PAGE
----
Tag Archives: Thriller

Review: Don’t Look For Me

Don’t Look For Me
By Wendy Walker
St. Martin’s Press, 9781250198709, September 15, 2020, 352pp.

The Short of It:

Walker hit it out of the park with this one. It met all my reading wants.

The Rest of It:

Molly Clarke suffered a terrible loss. One that involved her young daughter, killed in an accident right in front of her own home. What’s inconceivable to Molly’s family and even Molly herself, is that she was the one behind the wheel. The one who turned as fast as she could, but not fast enough to avoid her daughter running in front of her car.

The family is left utterly distraught. Molly’s older daughter Nic, remembers the moment like it was yesterday and Molly’s husband can’t even bring himself to look at his wife. An accident, yet one so tragic that the family just cannot move past it.

That’s why when Molly Clarke goes missing one stormy night, only to leave her abandoned car and phone behind, people are quick to call it a “walk away”. She just couldn’t live anymore with all those accusing eyes, reminding her every day of what she did.

Did she really walk away? Or has something happened to her?

Don’t Look for Me is a GREAT read and as I mentioned above, it checked all the boxes for me. A good story. Nice plot twists. Characters you care about. Maybe a tad predictable at one point but a good ride to get there. It kept me guessing in a lot of places and had me stopping to piece things together.

I put household chores aside to read it. I read it during the baseball playoffs. I sat on the couch with it when I wasn’t feeling well and it was just what the doc ordered. These days, you gotta keep your mind busy and off of politics and this wretched pandemic. This book helped me do that.

Highly recommend. I’ve read one other book by Walker, Emma in the Night, which I also enjoyed. If you need to immerse yourself into something other than the news, find yourself a copy.

Source: Review copy provided by the publisher
Disclosure: This post contains Indiebound affiliate links.

Review: Heart-Shaped Box

Heart Shaped Box

Heart-Shaped Box
By Joe Hill
William Morrow Paperbacks, 9780061944895, 2009, 400pp.

The Short of It:

This is a classic ghost story with all the horror elements you’d expect from Hill, without it being too graphic.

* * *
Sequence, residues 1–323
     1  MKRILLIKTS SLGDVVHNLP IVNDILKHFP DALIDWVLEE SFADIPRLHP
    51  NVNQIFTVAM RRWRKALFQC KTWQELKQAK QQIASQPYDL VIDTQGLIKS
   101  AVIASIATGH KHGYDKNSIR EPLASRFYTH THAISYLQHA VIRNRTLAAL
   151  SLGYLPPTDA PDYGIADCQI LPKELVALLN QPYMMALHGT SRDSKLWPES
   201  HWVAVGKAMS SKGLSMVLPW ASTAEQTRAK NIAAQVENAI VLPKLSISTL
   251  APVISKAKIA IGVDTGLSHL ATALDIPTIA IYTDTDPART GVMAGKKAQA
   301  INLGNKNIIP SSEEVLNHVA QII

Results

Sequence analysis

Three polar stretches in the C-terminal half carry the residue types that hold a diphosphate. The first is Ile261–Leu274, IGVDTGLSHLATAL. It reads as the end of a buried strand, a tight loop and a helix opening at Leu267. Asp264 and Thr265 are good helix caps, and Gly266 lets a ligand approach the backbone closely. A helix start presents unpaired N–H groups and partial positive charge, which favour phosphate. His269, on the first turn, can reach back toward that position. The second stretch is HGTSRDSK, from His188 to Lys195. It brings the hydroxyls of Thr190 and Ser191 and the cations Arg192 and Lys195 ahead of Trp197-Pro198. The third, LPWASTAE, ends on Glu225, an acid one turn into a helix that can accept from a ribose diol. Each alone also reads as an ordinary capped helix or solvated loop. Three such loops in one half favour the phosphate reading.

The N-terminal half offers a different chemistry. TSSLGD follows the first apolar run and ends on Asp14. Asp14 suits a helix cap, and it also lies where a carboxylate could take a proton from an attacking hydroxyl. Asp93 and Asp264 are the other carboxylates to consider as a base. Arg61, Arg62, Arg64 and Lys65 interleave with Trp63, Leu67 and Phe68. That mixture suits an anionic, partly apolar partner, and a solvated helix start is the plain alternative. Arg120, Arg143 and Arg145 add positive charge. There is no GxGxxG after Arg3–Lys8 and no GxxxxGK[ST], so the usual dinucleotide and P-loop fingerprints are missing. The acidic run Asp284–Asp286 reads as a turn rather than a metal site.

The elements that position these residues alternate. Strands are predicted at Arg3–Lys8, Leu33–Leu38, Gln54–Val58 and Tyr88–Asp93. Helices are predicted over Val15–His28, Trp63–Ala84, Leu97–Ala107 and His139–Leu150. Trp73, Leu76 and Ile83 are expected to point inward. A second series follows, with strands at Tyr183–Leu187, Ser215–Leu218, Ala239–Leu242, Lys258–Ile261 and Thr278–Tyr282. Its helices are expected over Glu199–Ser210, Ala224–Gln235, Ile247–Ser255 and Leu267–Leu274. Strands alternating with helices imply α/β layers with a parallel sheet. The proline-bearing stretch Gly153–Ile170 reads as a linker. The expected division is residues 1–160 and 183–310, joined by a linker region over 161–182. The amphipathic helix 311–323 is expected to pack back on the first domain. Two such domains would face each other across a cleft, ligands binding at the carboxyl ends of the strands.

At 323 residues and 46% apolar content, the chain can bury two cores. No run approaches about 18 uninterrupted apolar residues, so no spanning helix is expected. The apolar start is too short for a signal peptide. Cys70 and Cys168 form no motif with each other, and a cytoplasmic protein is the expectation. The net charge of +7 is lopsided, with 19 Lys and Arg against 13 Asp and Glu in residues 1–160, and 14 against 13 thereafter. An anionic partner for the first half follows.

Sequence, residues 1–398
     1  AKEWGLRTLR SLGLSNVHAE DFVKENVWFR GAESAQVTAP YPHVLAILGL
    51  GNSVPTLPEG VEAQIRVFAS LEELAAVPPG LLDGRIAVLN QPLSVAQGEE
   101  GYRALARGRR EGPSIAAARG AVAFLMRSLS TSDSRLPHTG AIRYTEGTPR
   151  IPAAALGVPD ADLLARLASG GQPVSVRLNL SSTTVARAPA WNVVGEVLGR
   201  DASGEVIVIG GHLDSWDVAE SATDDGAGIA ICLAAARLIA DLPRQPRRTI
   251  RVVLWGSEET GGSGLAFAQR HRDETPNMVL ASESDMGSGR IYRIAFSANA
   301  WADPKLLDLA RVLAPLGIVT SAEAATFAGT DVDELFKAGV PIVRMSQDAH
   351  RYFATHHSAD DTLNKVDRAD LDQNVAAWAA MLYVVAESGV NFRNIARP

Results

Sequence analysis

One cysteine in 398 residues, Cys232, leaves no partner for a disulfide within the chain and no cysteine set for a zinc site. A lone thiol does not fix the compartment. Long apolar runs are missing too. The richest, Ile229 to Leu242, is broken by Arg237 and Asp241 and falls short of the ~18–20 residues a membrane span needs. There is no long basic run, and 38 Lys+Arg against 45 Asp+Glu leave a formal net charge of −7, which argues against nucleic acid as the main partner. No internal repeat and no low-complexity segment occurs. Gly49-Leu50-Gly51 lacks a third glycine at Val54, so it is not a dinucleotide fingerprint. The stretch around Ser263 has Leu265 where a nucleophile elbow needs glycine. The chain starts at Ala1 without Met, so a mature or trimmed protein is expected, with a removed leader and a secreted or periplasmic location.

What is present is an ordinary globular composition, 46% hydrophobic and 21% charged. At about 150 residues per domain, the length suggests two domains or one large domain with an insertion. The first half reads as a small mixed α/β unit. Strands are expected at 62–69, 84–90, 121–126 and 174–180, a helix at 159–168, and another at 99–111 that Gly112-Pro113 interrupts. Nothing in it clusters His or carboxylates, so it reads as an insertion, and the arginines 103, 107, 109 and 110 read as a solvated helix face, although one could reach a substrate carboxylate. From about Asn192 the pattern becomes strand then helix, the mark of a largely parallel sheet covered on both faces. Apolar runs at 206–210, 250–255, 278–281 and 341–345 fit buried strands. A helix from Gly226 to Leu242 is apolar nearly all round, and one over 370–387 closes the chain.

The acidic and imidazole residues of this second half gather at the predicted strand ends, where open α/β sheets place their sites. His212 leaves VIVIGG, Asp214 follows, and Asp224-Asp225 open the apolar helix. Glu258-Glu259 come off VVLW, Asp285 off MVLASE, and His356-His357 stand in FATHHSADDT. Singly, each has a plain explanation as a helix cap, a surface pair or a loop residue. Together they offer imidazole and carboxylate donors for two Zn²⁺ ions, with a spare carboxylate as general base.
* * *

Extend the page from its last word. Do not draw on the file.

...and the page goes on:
The Rest of It:

Judas Coyne is a fifty-something ex-rocker who has a taste for the macabre. He collects things that most people wouldn’t, which is how he comes to possess a suit that comes with a ghost. As Jude (short for Judas) learns, this ghost is not just any ghost and he means business.

This is the story of Jude and his girlfriend Marybeth, also known as Georgia. When this suit arrives in a heart-shaped box, Jude is intrigued. He has no idea what to expect but he doesn’t have to wait long to find out. The suit is accompanied by a ghost named Craddock and what begins as mild curiosity turns into a fight for their lives as Craddock takes them down the “night road” and continues to display glimpses of their future to them. A future where Jude murders the ones he loves.

This was a fantastic read and it’s been on my to-read shelve for YEARS. Not sure why I waited so long to get to it but I wish I had gotten to it sooner. Joe Hill. He’s Stephen King’s kid in case you don’t know but he definitely has his own sense of style when it comes to storytelling and from the very first page I was riveted and had to know the outcome of these two characters.

If I had to find any fault with it at all, I would say that as soon as the ghost makes his appearance, the one thing that made me curious about the book in the first place went out the window. All the macabre stuff that he collected over the years was never mentioned again. Someone with a penchant for that sort of thing would perhaps use it to his advantage? I was expecting it to become part of the story but that never happened.

I really enjoyed the character of Marybeth (Georgia). She was sweet but with a hard edge. I could not help but root for her. Hill did a good job of writing her as strong, but also vulnerable. She brought just the right mix of danger plus loyalty to the story.

Now for the fear factor. A reader on Facebook advised me to read it during the day, that it could get pretty intense. It was intense at times but like a “race to the finish” intense. All of the horror elements were appropriately creepy but I didn’t feel that Hill tossed anything in there for shock value alone. I really enjoyed it.

I read this for the R.I.P Challenge.

Source: Purchased
Disclosure: This post contains Indiebound affiliate links.